Divisions

Today in 1 Corinthians 1:9-13, we see one of my favorite passions of Paul.  Paul is huge on the unity of the church.  Listen to what he says here, and then we’ll talk about what is happening:

9 God is faithful; by him you were called into the fellowship of his Son, Jesus Christ our Lord. 10 Now I appeal to you, brothers and sisters, by the name of our Lord Jesus Christ, that all of you be in agreement and that there be no divisions among you, but that you be united in the same mind and the same purpose. 11 For it has been reported to me by Chloe’s people that there are quarrels among you, my brothers and sisters. 12 What I mean is that each of you says, ‘I belong to Paul,’ or ‘I belong to Apollos,’ or ‘I belong to Cephas,’ or ‘I belong to Christ.’ 13 Has Christ been divided? Was Paul crucified for you? Or were you baptized in the name of Paul?

Divisions.jpgThis is the way it worked in Paul’s time. Preachers in churches weren’t sent by the conference nor were they called by the local church.  There were wandering itinerant preachers that came to the town and to the church, stayed for a while, and then moved on to the next town and church.  And they would have been followed by another preacher in much the same way.

So the same church, over a period of time, would have had several preachers come through and teach.  And that’s what has happened here in Corinth.  There have been several preachers come through, and the loyalty that the members of the church have towards their “favorite” preacher is one of the many things that is dividing the church.

That is why Paul reminds them, none of the preachers that they know has divided for their sins. They were not baptized in the name of any of these preachers.  They were called into salvation by God, not by any human.  Now God may have used that human, but that person was not the cause of their salvation.

God is the one calling us into salvation and God is the one that is saving us.

Not any human.

I think for us today, this is an important reminder.  We all have our preferences and our favorites.  We all have things that impactful to us.  We have a preacher that really speaks to us.  Or a style of worship that truly touches our heart or a hymn that really impacts us.  Or a denomination (or local church) whose theology and structure that we like.  And these things are all wonderful.  I am the same way.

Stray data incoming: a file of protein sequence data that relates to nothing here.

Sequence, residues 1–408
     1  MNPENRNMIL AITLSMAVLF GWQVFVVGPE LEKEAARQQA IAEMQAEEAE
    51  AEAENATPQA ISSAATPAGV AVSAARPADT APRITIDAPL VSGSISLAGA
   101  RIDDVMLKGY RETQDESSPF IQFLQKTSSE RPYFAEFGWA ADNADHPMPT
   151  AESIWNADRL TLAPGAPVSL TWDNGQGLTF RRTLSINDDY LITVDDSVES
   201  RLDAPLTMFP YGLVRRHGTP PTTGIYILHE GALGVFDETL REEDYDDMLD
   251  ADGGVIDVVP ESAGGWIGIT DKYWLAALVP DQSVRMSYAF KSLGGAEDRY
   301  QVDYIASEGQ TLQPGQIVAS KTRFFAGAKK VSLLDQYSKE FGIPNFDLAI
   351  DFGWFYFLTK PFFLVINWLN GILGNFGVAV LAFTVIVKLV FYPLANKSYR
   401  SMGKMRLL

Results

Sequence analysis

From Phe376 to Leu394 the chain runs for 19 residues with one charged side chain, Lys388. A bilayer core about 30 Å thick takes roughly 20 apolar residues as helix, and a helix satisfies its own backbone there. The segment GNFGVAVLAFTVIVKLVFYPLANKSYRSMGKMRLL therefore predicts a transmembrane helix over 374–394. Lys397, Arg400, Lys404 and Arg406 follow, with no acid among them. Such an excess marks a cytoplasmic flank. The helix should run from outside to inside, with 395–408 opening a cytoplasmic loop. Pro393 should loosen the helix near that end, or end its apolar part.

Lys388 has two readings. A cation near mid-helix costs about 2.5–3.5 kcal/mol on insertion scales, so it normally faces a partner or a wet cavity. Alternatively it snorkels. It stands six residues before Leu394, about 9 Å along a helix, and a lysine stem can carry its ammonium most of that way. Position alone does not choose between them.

But the danger is this.  When we allow these things to divide us as believers.  Just because you or I have something or someone that is the way that we prefer it, doesn’t mean that someone that has a different favorite preacher or style of worship is not our brother or sister in Christ.

Because we aren’t saved by preachers or styles of worship or denominations or anything such as that.  We are saved by Jesus.

So, if you are believer, then you are family.  We can’t allow these things to divide us.  We are one.  And the world needs us to be one.

Let us love each other, even when we disagree over these things.  Because the love that God has placed in our hearts must be bigger than any of this!

As followers of Christ, let us love!

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Day Thirty-Three with Mark: Mark 8:14-21

Today we look at Mark 8:14-21:

The Yeast of the Pharisees and of Herod
14 Now the disciples had forgotten to bring any bread; and they had only one loaf with them in the boat. 15 And he cautioned them, saying, “Watch out—beware of the yeast of the Pharisees and the yeast of Herod.” 16 They said to one another, “It is because we have no bread.” 17 And becoming aware of it, Jesus said to them, “Why are you talking about having no bread? Do you still not perceive or understand? Are your hearts hardened? 18 Do you have eyes, and fail to see? Do you have ears, and fail to hear? And do you not remember? 19 When I broke the five loaves for the five thousand, how many baskets full of broken pieces did you collect?” They said to him, “Twelve.” 20 “And the seven for the four thousand, how many baskets full of broken pieces did you collect?” And they said to him, “Seven.” 21 Then he said to them, “Do you not yet understand?”

Computer-CodeWhat do you see?  Friday in Mark we talked about seeing miracles everywhere when we believe.  Today, we see Jesus talk about something very similar.  Today He’s talking about sight.  But it’s not necessarily the sight of miracles.  It’s the deeper truth that can be found.